The street car ride (which contains two lines) is not only inexpensive (about CDN$5 for an all-day pass!), but also a scenic ride along beautiful Kyoto neighbourhoods.
The Arashiyama district is located about 25 minutes from Central Kyoto, on the last stop of the red “Arashiyama Main Line” of the Randen Streetcar.
The district contains multiple very beautiful Japanese zen gardens as well as various temples and shrines (all of which charge about CDN$5 for the entrance).
A large natural park Kameyama-Kōen, has various beautiful hiking trails along the Katsura River and up into the Arahima mountains. From the top (a moderate hike of about 25 minutes), beautiful views of the river come to view. On the day we visited, the top of the mountains were covered with a light mist, and the landscape with multi-coloured trees and the turquoise river below was breathtaking.. Wild monkeys are supposed to roam in this area, but we didn’t see any.
-Kinkaku-ji : The Golden Temple
The Golden Temple can be reached a 15-minute walk from the last stop of the blue “Kitano Line” on the Randen Streetcar.
The golden temple is one of Japan’s most recognized sights. The original golden pavilion, built in 1397, was burnt-down by a mentally-unstable monk, and the temple was re-constructed by 1955, following the original design.
As an added bonus, the gold-leaf covering of the building (which originally only covered the walls of the third and smaller story) was extended into the walls of the second story, making it shine a little brighter.
The Golden Pavilion, surrounded by a beautiful pond, is topped by a glimmering bronze phoenix.
The gardens surrounding are pretty, but the highlight is definitely stolen by the glimmering golden building. The building is really impressive and really stands out, even in a rainy day.
The southern parts of Northern Kyoto can be reached by Subway, but from there, large amounts of walking are required, so bring comfortable shoes! – buses are also available; we opted for more scenic walking routes on the way there, and a very quick bus into the downtown core on the way back.
This is Kyoto’s newest shrine, built in 1895 to commemorate the 1100th anniversary of the establishment of Kyoto.
The main building of the Shrine is impressive in size (built to scale of two-thirds of the Kyoto Imperial palace main building). Most striking are the bright colours of the buildings, shimmering in bright orange-red and white, and topped with Jade-coloured tile roofs. A gigantic metal orange torii (apparently one of the biggest torii in all of Japan) about 500 metres away from the shrine complex is the official entry way to the shrine.
The main area of the shrine complex is free of charge, but a separate garden has an entry fee (I opted not to go in, so I cannot comment much on it).
–The Philosopher’s Walk
One of Kyoto’s most peaceful retreats within the city, is the famed Philosopher’s walk. The name was awarded to this beautiful walk after Kyoto university philosophy professor Nishida Kitaro, as this was his daily walk routine.
The 1.5km walk follows a cherry blossom-lined canal. Shops, cafes and restaurants are scattered all throughout the walk, as well as other beautiful sights, starting with the stunning Nanzen-ji, a Meiji-period aqueduct, and ending with the Ginkaku-ji, the famed “Silver Pavilion.”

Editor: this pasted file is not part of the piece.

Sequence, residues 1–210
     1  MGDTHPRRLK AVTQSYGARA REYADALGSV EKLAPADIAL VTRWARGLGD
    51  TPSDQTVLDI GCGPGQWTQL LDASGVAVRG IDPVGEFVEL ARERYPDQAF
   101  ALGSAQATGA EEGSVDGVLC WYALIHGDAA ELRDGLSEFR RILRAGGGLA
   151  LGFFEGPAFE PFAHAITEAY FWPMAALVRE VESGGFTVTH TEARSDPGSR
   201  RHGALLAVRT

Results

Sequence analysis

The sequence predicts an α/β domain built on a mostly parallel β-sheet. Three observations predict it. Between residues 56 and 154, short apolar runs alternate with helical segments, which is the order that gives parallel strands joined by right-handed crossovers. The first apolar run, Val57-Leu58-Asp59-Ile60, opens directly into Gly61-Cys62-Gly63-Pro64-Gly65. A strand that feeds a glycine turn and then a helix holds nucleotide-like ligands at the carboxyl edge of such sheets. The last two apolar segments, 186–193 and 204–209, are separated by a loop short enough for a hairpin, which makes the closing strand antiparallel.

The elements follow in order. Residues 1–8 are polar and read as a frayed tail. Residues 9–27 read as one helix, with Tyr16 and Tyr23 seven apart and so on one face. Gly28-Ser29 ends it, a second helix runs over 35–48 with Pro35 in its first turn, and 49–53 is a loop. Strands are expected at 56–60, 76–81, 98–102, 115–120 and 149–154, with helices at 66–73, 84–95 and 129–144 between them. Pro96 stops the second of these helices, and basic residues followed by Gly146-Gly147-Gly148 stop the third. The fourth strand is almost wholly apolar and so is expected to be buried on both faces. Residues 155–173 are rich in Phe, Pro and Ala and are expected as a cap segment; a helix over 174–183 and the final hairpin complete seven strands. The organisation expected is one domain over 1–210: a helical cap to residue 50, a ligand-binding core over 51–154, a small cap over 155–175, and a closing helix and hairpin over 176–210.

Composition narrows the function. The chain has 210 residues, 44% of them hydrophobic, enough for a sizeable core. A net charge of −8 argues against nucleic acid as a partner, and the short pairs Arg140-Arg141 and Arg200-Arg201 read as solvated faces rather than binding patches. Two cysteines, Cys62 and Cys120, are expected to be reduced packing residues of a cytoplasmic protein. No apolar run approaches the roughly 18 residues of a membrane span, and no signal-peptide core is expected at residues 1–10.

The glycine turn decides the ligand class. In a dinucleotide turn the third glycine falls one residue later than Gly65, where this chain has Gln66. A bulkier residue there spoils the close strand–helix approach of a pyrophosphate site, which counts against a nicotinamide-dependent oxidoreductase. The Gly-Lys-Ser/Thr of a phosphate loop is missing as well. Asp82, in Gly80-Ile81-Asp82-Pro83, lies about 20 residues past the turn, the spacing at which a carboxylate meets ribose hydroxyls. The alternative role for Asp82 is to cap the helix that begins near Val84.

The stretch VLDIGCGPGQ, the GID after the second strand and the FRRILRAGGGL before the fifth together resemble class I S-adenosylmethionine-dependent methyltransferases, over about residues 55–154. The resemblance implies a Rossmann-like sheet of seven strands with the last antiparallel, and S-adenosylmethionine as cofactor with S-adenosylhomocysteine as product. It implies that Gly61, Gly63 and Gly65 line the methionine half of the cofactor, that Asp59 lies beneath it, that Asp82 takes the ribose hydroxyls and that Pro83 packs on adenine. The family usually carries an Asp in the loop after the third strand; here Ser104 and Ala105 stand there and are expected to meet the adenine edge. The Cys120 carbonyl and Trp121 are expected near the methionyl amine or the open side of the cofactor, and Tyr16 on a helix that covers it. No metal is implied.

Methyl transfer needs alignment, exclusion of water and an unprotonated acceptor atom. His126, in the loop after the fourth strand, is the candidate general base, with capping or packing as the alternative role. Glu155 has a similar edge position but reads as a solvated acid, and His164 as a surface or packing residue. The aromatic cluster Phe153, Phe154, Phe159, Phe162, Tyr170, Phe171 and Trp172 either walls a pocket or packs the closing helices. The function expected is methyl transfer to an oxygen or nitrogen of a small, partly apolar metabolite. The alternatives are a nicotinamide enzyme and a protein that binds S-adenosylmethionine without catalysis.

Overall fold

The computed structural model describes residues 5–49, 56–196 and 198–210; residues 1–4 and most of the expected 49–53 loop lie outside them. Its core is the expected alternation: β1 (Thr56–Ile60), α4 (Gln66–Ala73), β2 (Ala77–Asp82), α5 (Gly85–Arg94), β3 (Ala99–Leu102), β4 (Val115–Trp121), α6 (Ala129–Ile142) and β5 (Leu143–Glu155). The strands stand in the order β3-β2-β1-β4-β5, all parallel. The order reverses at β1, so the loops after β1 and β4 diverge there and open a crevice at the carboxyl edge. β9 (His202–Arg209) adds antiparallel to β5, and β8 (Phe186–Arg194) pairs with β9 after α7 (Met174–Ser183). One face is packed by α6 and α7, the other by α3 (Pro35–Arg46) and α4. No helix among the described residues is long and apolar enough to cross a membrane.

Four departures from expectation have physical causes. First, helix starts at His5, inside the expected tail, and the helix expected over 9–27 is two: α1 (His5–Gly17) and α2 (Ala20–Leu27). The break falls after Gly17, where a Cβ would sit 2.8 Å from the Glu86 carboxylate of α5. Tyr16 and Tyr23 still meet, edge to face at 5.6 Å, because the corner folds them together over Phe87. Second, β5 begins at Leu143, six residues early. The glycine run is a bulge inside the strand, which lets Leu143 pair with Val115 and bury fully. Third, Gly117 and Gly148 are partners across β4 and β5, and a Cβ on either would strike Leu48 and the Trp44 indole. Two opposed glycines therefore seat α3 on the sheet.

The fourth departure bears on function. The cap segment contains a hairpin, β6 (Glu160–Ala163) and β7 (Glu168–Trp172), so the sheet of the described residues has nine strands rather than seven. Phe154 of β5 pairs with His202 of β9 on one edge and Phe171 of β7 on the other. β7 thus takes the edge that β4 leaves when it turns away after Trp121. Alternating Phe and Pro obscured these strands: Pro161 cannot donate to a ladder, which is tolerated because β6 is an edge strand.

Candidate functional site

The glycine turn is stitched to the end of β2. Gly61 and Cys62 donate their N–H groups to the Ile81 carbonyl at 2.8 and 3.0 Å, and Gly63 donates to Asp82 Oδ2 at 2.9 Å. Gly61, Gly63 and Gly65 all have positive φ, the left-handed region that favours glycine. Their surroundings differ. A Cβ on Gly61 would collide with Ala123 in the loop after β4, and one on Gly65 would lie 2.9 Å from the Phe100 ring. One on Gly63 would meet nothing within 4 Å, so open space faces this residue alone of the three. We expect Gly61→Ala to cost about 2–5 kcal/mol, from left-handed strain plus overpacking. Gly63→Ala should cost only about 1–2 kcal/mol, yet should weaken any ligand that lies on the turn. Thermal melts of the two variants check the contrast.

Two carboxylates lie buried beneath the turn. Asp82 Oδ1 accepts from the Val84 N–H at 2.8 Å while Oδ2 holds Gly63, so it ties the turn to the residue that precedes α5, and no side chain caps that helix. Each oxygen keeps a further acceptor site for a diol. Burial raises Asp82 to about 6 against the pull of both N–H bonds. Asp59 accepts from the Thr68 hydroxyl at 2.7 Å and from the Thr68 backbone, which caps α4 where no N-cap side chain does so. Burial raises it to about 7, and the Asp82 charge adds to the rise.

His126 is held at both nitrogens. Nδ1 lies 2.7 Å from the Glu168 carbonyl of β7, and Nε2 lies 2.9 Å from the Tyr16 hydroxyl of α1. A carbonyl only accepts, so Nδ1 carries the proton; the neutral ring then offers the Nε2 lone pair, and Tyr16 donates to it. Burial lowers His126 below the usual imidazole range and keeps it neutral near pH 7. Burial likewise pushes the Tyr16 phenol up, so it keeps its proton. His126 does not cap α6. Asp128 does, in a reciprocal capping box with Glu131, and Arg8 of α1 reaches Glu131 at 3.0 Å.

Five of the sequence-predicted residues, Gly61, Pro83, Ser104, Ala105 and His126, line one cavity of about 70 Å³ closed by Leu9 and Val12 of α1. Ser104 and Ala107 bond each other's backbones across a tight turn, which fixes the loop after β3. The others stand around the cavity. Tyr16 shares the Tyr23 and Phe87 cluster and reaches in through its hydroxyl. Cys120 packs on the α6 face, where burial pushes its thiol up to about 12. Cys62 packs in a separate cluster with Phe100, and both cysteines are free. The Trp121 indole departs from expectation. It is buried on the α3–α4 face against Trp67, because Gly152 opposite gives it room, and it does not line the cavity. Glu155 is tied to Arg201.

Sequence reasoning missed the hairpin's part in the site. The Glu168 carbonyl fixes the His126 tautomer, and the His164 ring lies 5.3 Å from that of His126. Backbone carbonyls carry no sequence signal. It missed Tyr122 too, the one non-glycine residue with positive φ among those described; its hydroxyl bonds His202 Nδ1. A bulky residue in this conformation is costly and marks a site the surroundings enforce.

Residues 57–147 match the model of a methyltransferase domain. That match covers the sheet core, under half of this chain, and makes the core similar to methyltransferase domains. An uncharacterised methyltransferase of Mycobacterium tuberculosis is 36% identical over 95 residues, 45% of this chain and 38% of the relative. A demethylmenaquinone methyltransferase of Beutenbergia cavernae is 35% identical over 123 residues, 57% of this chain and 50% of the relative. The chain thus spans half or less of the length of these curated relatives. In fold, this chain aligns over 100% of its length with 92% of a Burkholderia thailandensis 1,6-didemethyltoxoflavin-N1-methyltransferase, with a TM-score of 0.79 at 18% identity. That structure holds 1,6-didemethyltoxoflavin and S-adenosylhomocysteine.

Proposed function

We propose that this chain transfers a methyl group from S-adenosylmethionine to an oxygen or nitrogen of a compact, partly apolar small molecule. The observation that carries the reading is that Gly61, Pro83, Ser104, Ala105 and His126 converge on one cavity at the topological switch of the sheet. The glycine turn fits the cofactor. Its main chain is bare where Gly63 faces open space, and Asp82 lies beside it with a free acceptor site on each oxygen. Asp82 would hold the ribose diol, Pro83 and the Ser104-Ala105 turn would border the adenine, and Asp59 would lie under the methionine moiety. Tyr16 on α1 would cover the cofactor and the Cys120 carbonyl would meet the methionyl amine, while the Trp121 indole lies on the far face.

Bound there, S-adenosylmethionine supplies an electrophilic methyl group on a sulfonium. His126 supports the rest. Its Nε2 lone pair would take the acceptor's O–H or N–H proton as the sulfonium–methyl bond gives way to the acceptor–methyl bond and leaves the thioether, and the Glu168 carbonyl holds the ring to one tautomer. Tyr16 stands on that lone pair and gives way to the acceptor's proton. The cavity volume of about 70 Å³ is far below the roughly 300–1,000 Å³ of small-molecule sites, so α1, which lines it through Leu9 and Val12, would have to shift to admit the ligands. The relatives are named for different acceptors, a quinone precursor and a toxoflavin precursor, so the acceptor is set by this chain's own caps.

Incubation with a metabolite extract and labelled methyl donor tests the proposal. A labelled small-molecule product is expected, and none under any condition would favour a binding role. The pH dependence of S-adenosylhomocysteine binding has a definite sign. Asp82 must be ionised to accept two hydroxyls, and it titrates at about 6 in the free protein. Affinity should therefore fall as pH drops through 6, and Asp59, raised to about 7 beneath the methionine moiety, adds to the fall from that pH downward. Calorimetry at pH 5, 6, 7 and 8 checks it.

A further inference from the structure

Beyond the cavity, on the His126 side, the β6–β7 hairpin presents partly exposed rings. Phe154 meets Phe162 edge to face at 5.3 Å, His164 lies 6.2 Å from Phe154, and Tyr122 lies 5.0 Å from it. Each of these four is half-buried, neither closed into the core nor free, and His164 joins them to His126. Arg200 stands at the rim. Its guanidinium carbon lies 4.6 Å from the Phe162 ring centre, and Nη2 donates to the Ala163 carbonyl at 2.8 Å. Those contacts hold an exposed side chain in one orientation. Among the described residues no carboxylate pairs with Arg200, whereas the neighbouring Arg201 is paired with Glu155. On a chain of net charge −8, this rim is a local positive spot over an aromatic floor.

The philosopher’s walk is truly peaceful and contains very picturesque spots, and should be included in any visit to Kyoto.
–Ginkaku-ji: The Silver Pavilion
The Silver Pavilion was meant to be covered in silver but was never completed after the offset of the Onin war. That’s the reason why the building, which in actuality is wooden in colour, received such name.
The building, topped with a silver phoenix (just like the bronze phoenix atop the Golden Pavilion) is beautiful in itself, but more stunning are the surrounding gardens. A wide gravel garden at the entrance is raked to perfection (including the biggest raked-gravel perfectly shaped!- mound I’ve ever seen).
Easy hiking paths along the temple’s grounds lead up moss-covered hills and provide beautiful views of the Silver Pavilion below, surrounded by ponds and greenery, and parts of the city in the distance.
KAMO RIVERSIDE PATH
The path along both sides of the Kamo River is very scenic. On a sunny day, Justin and I rented bicycles from our hotel for CDN$15 for the entire day.
While biking through the city itself can be a little tricky, with cars and hundreds of other bicycle riders getting in the way, the path along the Kamo river is a very peaceful ride. We spent about 7 hours biking along the paths and trailing off into the city for a couple of times, and it was one of my favourite days in the entire three weeks we spent in Japan.
At times along the riverside, we stopped to enjoy the view, listen to a saxophone player, admire wild falcons flying around, and later in the day sat at sunset with a couple of Asahi strong drinks, while listening to a DJ playing loud dance music in a small island in the middle of the river.
Kyoto is easily accessible from Osaka airport by transfer (about 1-hour away) and by train from Tokyo in about 3 hours. Kobe and Osaka are both in the region, about 1 hour away, and Hiroshima is about 2.5hours away all by train.
From Kyoto, we took a day trip to Nara, about 1.5hours away by train.